Sheathing in its raw form is typically erected as 4-by-8-foot plywood panels measuring 3/4 inch in thickness. Sheathing of this type can be used to bridge joists up to 24 inches apart. The sheathing is installed so that no two edge joints are parallel in adjacent sheets. The installation process is quick and painless. Nails or flooring screws of 1-1/2″ in length are used to secure the sheets at a distance of about 8″ apart. Backers or supports under joints, between sheets that run perpendicular to the framed floor assembly, are a good idea even though they are not strictly necessary.

Interlocking sheathing panels are the most often used type of installation. This sheathing is typically 5/8″ thick and comes in 4′ × 8′ sheets made of plywood or aspenite (sometimes known as “chipboard”). The sheets’ long edges feature a tongue on one side and a grove on the other, allowing them to lock together securely. Like raw sheathing, these panels are erected by squeezing or hammering the sheets together before nailing or screwing them to the joists. It is commonly the least expensive to set up.

Once upon a time, subfloors made of strips were the norm. However, its use has decreased as manufactured sheathing alternatives have become more widely available. Strip flooring is made of 1″ by 6″ or 8″ boards arranged in a diagonal pattern over a structural system of floor joists. It demands skilled professionals and comes at a higher cost. Non-kiln-dried lumber with a reasonably high moisture content is required to install such floors properly. This may sound counterintuitive, but it’s true that wood contracts as it dries out. The pulling together of the floor due to the contracting motion strengthens the structure. The strength and longevity of this subflooring material are a benefit. In particular, as the wood dries up, small gaps, about 1/4 inch wide, are frequently left between the individual planks, which can bother homeowners. While these gaps may have been unsettling during construction, they will be utterly undetectable after laying the floor. Strip flooring is made to be interlocking, either by overlapping the joints or leaving some space between them.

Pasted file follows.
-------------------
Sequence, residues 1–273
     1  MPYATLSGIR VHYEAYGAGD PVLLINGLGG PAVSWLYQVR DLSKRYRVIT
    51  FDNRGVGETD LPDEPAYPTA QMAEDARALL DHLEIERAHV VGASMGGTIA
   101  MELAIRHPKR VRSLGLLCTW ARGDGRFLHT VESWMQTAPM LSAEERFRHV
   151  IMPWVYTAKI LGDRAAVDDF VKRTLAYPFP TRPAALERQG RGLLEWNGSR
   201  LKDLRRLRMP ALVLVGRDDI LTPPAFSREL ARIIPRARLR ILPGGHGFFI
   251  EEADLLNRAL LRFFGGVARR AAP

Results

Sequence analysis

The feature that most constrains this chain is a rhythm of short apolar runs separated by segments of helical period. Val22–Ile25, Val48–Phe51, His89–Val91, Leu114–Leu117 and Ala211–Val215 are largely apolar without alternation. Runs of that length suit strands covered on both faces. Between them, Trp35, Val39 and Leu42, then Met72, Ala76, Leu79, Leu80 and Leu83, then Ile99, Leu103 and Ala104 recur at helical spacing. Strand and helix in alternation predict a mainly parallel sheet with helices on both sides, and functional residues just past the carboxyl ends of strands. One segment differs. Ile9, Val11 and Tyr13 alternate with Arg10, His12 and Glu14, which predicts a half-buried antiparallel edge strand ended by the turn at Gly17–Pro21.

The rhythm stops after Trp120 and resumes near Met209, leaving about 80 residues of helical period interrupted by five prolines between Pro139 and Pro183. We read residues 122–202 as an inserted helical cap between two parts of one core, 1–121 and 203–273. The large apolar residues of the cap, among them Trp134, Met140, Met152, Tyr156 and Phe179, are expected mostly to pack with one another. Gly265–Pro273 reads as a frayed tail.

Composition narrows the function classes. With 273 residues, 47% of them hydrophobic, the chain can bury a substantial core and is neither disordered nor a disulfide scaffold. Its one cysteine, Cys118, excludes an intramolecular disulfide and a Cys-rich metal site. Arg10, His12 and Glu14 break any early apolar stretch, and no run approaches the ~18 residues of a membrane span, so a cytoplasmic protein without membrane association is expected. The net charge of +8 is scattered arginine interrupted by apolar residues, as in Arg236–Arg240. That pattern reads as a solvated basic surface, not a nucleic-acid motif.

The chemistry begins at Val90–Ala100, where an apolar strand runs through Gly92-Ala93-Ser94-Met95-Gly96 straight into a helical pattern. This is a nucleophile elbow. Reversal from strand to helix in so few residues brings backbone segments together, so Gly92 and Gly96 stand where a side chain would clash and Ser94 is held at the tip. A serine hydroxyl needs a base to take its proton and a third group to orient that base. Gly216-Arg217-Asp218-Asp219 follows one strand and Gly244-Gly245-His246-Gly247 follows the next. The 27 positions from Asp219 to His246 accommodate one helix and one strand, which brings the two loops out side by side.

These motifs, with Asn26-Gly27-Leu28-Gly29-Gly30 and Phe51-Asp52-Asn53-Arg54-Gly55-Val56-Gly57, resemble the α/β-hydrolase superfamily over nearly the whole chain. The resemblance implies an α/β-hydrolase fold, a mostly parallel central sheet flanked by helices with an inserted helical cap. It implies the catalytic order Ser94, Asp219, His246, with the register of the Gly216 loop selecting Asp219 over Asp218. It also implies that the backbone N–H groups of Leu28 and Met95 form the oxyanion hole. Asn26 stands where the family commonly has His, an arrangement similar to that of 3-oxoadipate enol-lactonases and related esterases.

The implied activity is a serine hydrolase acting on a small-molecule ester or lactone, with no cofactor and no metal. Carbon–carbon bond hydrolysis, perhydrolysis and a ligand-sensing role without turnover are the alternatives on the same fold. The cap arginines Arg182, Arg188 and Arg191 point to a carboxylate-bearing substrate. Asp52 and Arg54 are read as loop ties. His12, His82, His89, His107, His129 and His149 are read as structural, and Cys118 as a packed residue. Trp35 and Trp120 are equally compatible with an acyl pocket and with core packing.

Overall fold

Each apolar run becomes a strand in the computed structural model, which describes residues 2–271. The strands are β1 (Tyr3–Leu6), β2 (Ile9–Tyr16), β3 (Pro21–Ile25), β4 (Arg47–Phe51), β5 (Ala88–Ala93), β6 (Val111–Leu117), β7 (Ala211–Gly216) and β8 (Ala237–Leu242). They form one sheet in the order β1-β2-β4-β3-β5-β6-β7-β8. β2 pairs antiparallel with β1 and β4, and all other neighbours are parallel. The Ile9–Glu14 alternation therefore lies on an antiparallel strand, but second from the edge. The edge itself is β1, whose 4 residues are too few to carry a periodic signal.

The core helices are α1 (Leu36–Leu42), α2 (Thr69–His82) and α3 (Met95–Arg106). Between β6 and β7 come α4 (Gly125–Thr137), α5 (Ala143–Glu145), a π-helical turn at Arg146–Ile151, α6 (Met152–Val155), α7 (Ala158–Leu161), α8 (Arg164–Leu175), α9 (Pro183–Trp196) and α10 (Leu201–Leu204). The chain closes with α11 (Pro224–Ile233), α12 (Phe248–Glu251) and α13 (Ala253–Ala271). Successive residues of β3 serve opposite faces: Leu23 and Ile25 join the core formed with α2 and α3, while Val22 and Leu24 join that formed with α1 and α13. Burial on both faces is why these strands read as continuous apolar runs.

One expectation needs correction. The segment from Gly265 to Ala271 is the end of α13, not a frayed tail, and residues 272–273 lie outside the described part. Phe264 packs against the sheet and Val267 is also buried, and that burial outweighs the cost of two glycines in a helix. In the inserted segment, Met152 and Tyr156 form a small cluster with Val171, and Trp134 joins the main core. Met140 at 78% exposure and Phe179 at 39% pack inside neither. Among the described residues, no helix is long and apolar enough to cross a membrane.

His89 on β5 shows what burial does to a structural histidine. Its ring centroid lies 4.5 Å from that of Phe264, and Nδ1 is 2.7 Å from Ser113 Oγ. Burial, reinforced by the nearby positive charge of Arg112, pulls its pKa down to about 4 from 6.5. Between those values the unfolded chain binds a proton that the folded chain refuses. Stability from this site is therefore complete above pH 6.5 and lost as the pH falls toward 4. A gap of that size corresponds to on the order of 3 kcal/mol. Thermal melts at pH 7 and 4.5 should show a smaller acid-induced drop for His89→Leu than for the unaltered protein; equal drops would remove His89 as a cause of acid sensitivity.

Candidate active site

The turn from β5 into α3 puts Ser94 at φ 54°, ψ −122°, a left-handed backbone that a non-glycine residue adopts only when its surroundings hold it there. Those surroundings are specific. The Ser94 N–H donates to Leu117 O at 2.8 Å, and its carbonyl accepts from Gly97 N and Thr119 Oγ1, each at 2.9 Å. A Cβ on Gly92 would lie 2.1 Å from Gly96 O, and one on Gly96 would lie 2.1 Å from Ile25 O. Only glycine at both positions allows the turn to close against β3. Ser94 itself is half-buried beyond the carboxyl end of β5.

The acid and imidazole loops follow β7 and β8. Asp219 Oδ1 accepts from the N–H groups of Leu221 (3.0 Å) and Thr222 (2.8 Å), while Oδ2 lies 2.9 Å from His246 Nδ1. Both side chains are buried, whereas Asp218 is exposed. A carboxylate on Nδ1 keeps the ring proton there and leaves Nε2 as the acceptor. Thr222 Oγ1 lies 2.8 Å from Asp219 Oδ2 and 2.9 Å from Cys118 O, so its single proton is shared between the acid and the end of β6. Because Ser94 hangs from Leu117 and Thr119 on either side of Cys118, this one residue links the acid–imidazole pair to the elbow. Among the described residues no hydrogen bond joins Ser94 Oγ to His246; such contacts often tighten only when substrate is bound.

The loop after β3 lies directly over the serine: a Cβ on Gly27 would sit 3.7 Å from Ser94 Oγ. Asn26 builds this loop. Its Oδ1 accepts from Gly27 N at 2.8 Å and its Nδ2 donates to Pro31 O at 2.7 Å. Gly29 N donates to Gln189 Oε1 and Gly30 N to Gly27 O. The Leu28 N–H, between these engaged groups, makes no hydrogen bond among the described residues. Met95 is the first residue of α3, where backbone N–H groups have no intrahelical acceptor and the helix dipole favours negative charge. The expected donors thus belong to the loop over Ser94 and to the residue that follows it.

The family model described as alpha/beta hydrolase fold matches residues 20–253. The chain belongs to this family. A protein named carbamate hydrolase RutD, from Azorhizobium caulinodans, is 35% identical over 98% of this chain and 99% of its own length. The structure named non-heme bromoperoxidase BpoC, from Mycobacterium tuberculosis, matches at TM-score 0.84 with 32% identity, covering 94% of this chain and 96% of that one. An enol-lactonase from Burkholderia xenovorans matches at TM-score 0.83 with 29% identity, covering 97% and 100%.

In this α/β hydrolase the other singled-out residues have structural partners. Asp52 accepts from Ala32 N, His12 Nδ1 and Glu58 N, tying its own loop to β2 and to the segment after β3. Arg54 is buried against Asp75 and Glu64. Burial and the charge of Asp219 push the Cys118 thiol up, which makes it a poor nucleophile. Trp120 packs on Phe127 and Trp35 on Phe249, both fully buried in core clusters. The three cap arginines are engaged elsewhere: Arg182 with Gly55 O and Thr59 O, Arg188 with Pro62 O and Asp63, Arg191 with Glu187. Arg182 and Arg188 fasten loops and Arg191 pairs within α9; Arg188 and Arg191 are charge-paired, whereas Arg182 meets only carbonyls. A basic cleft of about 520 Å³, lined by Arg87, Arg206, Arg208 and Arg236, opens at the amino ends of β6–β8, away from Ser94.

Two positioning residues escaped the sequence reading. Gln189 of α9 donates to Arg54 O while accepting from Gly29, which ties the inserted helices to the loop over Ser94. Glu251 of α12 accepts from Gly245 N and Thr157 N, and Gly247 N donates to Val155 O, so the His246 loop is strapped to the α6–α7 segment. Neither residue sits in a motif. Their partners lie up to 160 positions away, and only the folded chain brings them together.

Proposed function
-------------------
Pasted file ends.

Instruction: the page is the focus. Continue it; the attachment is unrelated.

Completed flooring

What we see and walk on every day is the finished floor. This is one of most homeowners’ most crucial elements of the flooring system. The structure is essential, but after the building is completed, the only thing that will be seen is the floor. Carpets, vinyl sheets, tiles, ceramic tiles, wood strips, wood parquet, and wood parquet are some of the most frequently used floor coverings.

Vinyl sheet flooring, often known as linoleum, is frequently used in domestic settings like the kitchen, bathroom, laundry room, and foyer. This flooring is made of a vinyl composite with a coating on top, and it comes in a wide variety of colors, textures, and patterns in 12-foot-wide sheets of varied lengths. Covering, typically mahogany or particle core sheets 4’x4′ in size, is applied over the subfloor, and then the vinyl is bonded to it. It is also compatible with basements and other locations with concrete floors. While the width of a room is more than 12 feet, especially while going under a doorway, it is common practice to join two sheets together. Sheet vinyl is a beautiful material for flooring in wet areas like those found around bathroom faucets and entryways. It lasts a long time and requires little upkeep. One of the least expensive flooring options is linoleum.

Vinyl tile is another water-resistant flooring option. It’s made similarly as sheet vinyl, but it’s much stiffer and typically sold in 12-by-12-inch squares. They both have similar installation processes. However, the latter needs trained professionals. A skilled installer will always begin in the center of the room to ensure that all tiles are the same width at opposite walls. The joints are less likely to come apart with this flooring than in sheet vinyl, making it a good option for larger rooms. This is why it is common in institutional settings, where spacious rooms are the norm. The same simplicity of installation applies when laying vinyl tile directly on concrete. Similar to vinyl sheets, it can withstand moisture and is typically used in high-moisture regions of a building. Tile is one of the cheapest options for a finished floor because it is durable, simple to maintain, and easy to clean.